Louisiana District 1

Louisiana, your primary election is on July 11. You have some work to do when it comes to sustainability and green energy, and we want to see your beautiful state remain a gorgeous for years to come.

Your primary is different than most states, meaning that you employ a majority vote system. This means that whichever candidate wins the majority of the vote, they win outright. If no candidate reaches that threshold, you vote again between the two top contenders. As long as you’re registered, you can vote.

Let’s take a look at your candidates!


We haven't reviewed any presidential candidates yet, but check back soon!

Louisiana Senators

Antoine Pierce
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Antoine Pierce is a community activist and founder of Better Boys Initiative, Inc.

Pierce mentions ensuring environmental protections and subsidizing renewable energy resources, but otherwise doesn’t have an extensive platform.

Dartanyon Williams
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Dartanyon Williams is a businessman, author, and pastor.

Williams has some good stances on improving transportation – which will also decrease harmful emission output into our atmosphere. He has a good grasp on how disastrous climate change is in regard to gulf coast and the issues that will arise as devastating natural disasters continue to hit the coast. He wants to address coastal erosion and the next steps to deal with losing so much coastline in such a short time.

Overall, Williams has good ideas, but we would like to see him expand the issues on his climate change platform.

Drew Knight
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Drew Knight is a political activist.

Knight acknowledges that climate change is one of the most pressing issues facing the world, and he wants to see some systemic change. However, he has a limited platform and little information available on his plans to change the system.

Bill Cassidy
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Bill Cassidy has been a congressman since 2009, switching between the 5 and 6 districts before he became a Senator. His LCV scorecard rating is 7%.

Cassidy has a terrible voting record. The few items of legislation that he has voted positively on are water conservation programs and research – a very important aspect of conservation in a state that is directly affected by rising sea levels. However, looking into water conservation and pollution reduction and expanding aid for natural disasters like hurricanes, floods, etc. is fairly useless if not researched and addressed in tandem with climate change, which is causing a majority of the water-related natural disasters in the gulf.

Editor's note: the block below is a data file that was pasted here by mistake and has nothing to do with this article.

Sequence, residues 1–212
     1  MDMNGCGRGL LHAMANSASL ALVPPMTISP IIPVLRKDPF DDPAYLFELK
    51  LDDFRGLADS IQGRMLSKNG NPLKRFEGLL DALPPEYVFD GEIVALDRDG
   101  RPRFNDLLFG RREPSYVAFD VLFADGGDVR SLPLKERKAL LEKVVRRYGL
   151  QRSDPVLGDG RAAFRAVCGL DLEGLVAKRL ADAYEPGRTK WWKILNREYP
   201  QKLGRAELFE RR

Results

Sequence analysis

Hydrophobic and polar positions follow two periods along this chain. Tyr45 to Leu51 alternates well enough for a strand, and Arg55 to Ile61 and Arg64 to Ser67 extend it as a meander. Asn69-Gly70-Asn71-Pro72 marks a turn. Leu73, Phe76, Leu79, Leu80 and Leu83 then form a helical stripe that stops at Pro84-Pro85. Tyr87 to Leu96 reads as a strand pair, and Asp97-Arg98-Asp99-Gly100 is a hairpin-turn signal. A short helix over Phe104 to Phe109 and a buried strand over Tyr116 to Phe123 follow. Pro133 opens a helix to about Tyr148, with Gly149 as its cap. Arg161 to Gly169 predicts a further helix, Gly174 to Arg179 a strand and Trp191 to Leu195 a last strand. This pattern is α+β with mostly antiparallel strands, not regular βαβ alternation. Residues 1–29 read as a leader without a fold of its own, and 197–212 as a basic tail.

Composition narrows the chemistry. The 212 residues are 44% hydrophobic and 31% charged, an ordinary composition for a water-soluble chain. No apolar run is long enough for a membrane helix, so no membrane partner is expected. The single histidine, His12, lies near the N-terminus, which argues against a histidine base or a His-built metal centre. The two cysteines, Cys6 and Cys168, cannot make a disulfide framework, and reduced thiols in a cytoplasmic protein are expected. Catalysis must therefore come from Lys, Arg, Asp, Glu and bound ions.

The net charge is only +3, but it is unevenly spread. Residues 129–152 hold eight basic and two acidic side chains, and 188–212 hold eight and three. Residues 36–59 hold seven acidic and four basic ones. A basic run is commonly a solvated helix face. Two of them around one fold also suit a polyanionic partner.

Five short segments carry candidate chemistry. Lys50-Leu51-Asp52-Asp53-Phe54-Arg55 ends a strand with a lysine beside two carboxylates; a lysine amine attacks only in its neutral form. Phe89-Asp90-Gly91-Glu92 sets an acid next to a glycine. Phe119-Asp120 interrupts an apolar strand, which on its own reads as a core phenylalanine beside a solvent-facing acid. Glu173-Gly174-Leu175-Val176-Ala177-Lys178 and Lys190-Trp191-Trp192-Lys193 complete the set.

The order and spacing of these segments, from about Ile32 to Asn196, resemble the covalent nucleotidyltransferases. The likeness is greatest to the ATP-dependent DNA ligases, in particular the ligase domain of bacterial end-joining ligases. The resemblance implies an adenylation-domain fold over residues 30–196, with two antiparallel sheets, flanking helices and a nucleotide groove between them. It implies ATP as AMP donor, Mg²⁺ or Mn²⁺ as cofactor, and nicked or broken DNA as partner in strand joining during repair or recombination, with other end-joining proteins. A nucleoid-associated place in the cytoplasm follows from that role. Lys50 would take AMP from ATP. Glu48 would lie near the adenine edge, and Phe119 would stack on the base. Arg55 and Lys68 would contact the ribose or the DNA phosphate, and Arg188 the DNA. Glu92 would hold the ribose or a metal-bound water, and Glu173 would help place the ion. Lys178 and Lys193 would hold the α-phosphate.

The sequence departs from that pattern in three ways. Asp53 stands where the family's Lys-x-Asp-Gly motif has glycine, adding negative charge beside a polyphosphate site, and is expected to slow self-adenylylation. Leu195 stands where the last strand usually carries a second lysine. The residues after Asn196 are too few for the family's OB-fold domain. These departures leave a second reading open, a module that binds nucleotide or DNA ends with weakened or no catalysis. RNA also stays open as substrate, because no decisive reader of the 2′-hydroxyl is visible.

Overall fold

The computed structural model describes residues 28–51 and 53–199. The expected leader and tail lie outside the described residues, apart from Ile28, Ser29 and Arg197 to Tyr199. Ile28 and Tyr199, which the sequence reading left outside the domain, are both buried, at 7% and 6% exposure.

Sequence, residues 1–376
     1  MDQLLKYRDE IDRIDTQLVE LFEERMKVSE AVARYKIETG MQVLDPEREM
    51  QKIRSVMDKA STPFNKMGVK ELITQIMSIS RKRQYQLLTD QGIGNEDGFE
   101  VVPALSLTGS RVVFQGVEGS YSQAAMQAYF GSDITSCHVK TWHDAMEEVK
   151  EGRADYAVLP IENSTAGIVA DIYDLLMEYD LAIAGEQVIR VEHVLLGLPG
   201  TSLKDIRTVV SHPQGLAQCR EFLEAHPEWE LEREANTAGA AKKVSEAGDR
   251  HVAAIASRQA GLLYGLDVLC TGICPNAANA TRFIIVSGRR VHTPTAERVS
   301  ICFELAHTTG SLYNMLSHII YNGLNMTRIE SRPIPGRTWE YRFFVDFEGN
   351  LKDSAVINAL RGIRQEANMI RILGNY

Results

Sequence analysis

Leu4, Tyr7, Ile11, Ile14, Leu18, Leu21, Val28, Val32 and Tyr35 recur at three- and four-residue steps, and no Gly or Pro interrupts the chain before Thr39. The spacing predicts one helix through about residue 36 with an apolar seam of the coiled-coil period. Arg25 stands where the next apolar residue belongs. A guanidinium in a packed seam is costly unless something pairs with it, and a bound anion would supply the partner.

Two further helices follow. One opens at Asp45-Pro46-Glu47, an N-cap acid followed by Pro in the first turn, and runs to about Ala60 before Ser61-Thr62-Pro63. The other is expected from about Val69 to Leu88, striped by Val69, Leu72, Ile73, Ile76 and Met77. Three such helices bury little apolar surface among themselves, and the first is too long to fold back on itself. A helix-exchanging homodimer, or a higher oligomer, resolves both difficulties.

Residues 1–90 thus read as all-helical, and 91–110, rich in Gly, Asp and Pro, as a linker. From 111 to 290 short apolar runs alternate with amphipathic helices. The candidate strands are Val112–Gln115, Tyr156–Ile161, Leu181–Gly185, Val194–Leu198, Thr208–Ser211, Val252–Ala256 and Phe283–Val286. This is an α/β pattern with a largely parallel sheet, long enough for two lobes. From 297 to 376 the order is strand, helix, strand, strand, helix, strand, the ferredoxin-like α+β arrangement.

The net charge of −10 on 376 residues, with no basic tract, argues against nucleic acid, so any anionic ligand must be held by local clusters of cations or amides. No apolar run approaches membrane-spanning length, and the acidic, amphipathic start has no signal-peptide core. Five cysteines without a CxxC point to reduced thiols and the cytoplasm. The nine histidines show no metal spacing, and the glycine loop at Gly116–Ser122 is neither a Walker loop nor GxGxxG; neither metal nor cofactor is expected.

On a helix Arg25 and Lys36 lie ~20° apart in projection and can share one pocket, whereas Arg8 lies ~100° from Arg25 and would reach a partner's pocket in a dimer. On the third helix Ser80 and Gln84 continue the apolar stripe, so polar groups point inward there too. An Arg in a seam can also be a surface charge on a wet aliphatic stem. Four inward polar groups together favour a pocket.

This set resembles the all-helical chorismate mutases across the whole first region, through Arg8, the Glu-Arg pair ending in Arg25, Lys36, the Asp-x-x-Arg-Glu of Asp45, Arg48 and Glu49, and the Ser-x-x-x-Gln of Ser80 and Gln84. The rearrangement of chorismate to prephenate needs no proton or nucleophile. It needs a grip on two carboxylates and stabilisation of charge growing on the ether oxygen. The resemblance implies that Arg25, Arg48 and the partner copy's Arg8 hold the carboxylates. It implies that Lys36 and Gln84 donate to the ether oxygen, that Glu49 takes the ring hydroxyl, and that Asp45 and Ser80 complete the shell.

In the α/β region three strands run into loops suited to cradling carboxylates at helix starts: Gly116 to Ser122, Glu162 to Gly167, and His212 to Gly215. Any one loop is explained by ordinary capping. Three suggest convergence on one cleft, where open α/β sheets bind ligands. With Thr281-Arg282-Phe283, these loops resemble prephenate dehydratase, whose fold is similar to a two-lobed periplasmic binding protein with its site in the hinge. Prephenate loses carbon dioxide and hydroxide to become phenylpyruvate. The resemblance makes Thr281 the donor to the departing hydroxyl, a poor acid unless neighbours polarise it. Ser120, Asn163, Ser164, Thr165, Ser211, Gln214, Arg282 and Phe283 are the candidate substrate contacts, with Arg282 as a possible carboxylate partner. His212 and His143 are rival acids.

Additionally, he has continuously supported expanding and using oil as a major energy source. Louisiana has been a powerhouse of oil refining, and as a ranking member of the Senate Energy Subcommittee, Cassidy has real opportunities daily to work towards a clean energy future, and instead he has been pushed around by oil lobbyists.

His new clean energy angle is natural gas production and consumption. Although natural gas certainly causes less CO2 emissions, the real kicker is it’s methane emissions. Methane can hold almost 90x more heat than a carbon dioxide molecule over a 20 year time period (cited). In simple terms, this heat absorption causes the atmosphere to heat up, causing ice to melt, causing flooding and a rise is sea levels. Although natural gas is, debatably, a better alternative than oil from a ground and water pollution standpoint, it is still far away from being a preferable major energy production and consumption material. We want to see a real interest in solar and hydro power from people in power in the gulf.

Cassidy also clearly states that he wants to get rid of “red tape” to give oil and gas companies an easier time extracting, refining, and producing oil and natural gas. That “red tape” are often necessary and important restrictions and guidelines that refiners need to follow to keep pollution to a minimum and to protect those who live close to these industrial complexes from air and water pollutants. On a local scale, removing these regulations could have serious health repercussions for the people who live in these areas, and on a global scale, the impact on the water and atmospheric emissions will be catastrophic.